However, artificial intelligence technology poses many moral, ethical and infrastructure challenges which legislators will consider when making decisions. The secret weapon the EU has unveiled at the core of their strategy is to ensure artificial intelligence is ethical. What with Brexit on the horizon, the UK is keen to be the world leader in artificial intelligence, not least because of the significant contribution its Universities already provide, but because the Government does not want to see a loss in the massive investment in this burgeoning.


Yes, however, this will be sector dependent. For example, artificial intelligence marketing companies will be faced with different regulations to that of business working in the transport sector, or cyber security sector.

Furthermore, these proposals will lay the foundations for the artificial intelligence industry for the next ten years or more. In the UK, proposals seek to integrate the sector with the wider economy. To achieve this, the Government will need to look at the critical physical infrastructure which will underpin and enable their ambition, as well as issues around the governance of data.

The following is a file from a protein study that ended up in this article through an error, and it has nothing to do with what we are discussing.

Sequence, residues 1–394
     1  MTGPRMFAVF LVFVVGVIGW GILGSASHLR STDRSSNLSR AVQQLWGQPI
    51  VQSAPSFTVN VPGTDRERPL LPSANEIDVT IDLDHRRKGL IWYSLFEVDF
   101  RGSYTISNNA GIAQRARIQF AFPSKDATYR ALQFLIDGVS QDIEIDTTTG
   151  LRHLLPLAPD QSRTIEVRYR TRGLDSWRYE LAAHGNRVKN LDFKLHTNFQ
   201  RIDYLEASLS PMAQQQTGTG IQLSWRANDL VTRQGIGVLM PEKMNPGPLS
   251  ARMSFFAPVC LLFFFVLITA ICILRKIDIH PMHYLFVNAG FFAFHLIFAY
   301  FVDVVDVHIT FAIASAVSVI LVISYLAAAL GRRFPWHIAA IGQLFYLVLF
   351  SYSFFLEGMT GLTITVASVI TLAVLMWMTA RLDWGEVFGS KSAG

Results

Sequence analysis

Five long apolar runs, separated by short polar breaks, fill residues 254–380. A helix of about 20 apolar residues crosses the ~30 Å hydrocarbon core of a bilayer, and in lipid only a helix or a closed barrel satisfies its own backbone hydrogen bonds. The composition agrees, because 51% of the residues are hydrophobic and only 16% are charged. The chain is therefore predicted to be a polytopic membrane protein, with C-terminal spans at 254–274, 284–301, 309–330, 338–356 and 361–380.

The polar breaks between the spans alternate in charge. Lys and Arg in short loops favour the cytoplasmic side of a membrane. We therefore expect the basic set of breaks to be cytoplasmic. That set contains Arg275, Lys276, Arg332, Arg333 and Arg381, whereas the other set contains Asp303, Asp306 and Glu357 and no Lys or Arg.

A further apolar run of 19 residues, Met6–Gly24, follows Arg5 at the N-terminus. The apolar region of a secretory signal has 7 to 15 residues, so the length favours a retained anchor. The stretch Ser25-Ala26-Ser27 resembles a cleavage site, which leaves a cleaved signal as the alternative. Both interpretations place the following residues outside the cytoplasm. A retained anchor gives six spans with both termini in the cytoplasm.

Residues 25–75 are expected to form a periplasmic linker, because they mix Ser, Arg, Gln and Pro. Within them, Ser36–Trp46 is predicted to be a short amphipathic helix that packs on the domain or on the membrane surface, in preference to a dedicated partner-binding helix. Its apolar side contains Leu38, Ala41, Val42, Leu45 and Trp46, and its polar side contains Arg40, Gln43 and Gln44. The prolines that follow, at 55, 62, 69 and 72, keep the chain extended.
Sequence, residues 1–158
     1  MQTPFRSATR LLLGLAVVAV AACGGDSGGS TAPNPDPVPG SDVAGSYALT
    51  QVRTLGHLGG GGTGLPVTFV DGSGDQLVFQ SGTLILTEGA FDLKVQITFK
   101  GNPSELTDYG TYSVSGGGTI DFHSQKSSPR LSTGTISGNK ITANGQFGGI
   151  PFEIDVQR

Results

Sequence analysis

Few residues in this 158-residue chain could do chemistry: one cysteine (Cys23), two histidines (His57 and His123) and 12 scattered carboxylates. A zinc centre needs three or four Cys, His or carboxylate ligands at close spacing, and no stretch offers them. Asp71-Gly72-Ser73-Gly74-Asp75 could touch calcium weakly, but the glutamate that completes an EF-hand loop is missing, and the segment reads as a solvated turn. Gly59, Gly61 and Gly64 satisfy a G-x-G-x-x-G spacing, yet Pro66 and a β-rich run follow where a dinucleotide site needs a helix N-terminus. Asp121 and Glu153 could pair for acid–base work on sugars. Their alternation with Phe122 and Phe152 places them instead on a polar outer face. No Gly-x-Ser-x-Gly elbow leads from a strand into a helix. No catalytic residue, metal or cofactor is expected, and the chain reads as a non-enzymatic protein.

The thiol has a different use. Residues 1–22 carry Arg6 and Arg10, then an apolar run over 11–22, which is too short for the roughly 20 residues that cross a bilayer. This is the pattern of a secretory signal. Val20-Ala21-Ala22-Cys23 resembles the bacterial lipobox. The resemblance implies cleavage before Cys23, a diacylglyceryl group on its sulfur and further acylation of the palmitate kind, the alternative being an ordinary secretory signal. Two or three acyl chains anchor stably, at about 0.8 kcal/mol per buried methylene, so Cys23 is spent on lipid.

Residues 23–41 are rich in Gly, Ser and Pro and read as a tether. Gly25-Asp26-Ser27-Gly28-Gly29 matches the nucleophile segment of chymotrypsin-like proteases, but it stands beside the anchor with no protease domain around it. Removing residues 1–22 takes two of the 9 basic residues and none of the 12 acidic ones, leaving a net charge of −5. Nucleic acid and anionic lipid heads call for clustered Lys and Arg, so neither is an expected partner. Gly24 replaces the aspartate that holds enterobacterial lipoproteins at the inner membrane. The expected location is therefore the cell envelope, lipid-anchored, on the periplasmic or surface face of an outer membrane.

Certainly yes. From the debate amongst politicians and across society, one can see that artificial intelligence raises many moral and ethical questions. The use of advancing technology means many systems will outpace legislation. This is forcing politicians, and other interested parties, to seek to define legal frameworks and regulatory structures. In the UK, the proposed initiatives, including the Artificial Intelligence Council and Centre for Data Ethics and Innovation, will work to make recommendations to Government on exactly these points. The Government will in turn will make recommendations to Parliament in the form of primary and secondary legislation.